E-2 Hawkeye   The U.S. Navy’s airborne battle management command and control mission system platform providing airborne early warning detection, identification, tracking, targeting, and communication capabilities. The company is developing the next generation capability including radar, mission computer, vehicle, and other system enhancements, to support the U.S Naval Battle Groups and Joint Forces, called the E-2D. The U.S, Navy approved Milestone C for Low Rate Initial Production.
     
EA-6B   The EA-6B (Prowler) primary mission is to jam enemy radar and communications, thereby preventing them from directing hostile surface-to-air missiles at assets the Prowler protects. When equipped with the improved ALQ-218 receiver and the next generation ICAP III ( Increased Capability) Airborne Electronic Attack (AEA) suite the Prowler is able to provide rapid detection, precise classification, and highly accurate geolocation of electronic emissions and counter modern, frequency-hopping radars. A derivative/variant of the EA-6B ICAP III mission system is also being incorporated into the F/A- 18 platform and designated the EA-18G.
     
     

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Program Name   Program Description
 
     
EA-18G   The EA-18G is the replacement platform for the EA6B Prowler, which is currently the armed services’ only offensive tactical radar jamming aircraft. The Increased Capability (ICAP) III mission system capability, developed for the EA-6B Prowler, will be in incorporated into an F/A-18 platform (designated the EA-18G).
     
F/A-18   Produce the center and aft fuselage sections, twin vertical stabilizers, and integrate all associated subsystems for the F/A-18 Hornet strike fighters.
     
F-35 Lightning II   Design, integration, and/or development of the center fuselage and weapons bay, communications, navigations, identification subsystem, systems engineering, and mission systems software as well as provide ground and flight test support, modeling, simulation activities, and training courseware.
     
Flats Sequencing System (FSS)/Postal Automation   Build systems for the U.S. Postal Service designed to further automate the flat mail stream, which includes large envelopes, catalogs and magazines.
     
Force XXI Battle Brigade and Below (FBCB2)   Install in Army vehicles a system of computer hardware and software that forms a wireless, tactical Internet for near-real- time situational awareness and command and control on the battlefield.
     
Gerald R. Ford-class aircraft carriers   Design and construction for the new class of Aircraft Carriers.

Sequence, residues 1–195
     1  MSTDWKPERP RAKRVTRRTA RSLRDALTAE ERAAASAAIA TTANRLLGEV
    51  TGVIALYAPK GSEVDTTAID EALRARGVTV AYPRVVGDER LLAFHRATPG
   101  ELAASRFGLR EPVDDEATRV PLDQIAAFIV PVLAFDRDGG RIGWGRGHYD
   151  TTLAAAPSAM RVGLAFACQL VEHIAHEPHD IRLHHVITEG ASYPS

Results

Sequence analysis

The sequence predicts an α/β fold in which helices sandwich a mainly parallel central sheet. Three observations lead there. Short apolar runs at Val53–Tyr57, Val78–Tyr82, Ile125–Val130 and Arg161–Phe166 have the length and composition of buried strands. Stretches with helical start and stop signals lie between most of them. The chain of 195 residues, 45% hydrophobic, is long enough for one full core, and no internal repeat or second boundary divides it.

Global Hawk High-Altitude Long-Endurance (HALE) Systems   Provide the Global Hawk HALE unmanned aerial system for use in the global war on terror and has a central role in Intelligence, Reconnaissance, and Surveillance supporting operations in Afghanistan and Iraq.
     
Global Linguist Solutions (GLS)   Provide interpretation, translation and linguist services in support of Operation Iraqi Freedom.
     
Ground/Air Task Oriented Radar (G/ATOR)   A development program to provide the next generation ground based multi-mission radar for the USMC. Provides Short Range Air Defense, Air Defense Surveillance, Ground Weapon Location and Air Traffic Control. Replaces five existing USMC single- mission radars.
     
Guardrail Common Sensor System IDIQ (GRCS-I)   Sole source IDIQ contract which will encompass efforts for the upgrade and modernization of the current field Guardrail systems.
     
Hunter Contractor Logistics Support (CLS)   Operate, maintain, train and sustain the multi-mission Hunter Unmanned Aerial System in addition to deploying Hunter support teams.
     
I-Kits   Supports Full Rate Production of FBCB2 Version 4 I-KITS (installation kits) for the U.S. Army and Australian ground platform types. Services include Program Operations, Supply Chain Management, Procurement, Stores, Part Kitting and Engineering.
     
Inertial Navigation Programs   Consists of a wide variety of products across land, sea and space that address the customers’ needs for precise knowledge of position, velocity, attitude, and heading. These applications include platforms, such as the F-16, satellites and ground vehicles as well as for sensors such as radar, MP-RTIP, and
     
     

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Program Name   Program Description
 
     
    EO/IR pods. Many inertial applications require integration with GPS to provide a very high level of precision and long term stability.
     
Integrated Battle Command System (IBCS)   The Integrated Air & Missile Defense, Battle Command System (IBCS) component concept provides for a common battle management, command, control, communications, computers and intelligence capability with integrated fire control hardware/software product design, integration, and development that supports initial operational capability of the Joint Integrated Air and Missile Defense Increment 2.
     
Intercontinental Ballistic Missile (ICBM)   Maintain readiness of the nation’s ICBM weapon system.
     
Joint Base Operations Support (JBOSC)   Provides all infrastructure support needed for launch and base operations at the NASA Spaceport.
     
Joint National Integration Center Research and Development Contract (JRDC)   Support the development and application of modeling and simulation, wargaming, test and analytic tools for air and missile defense.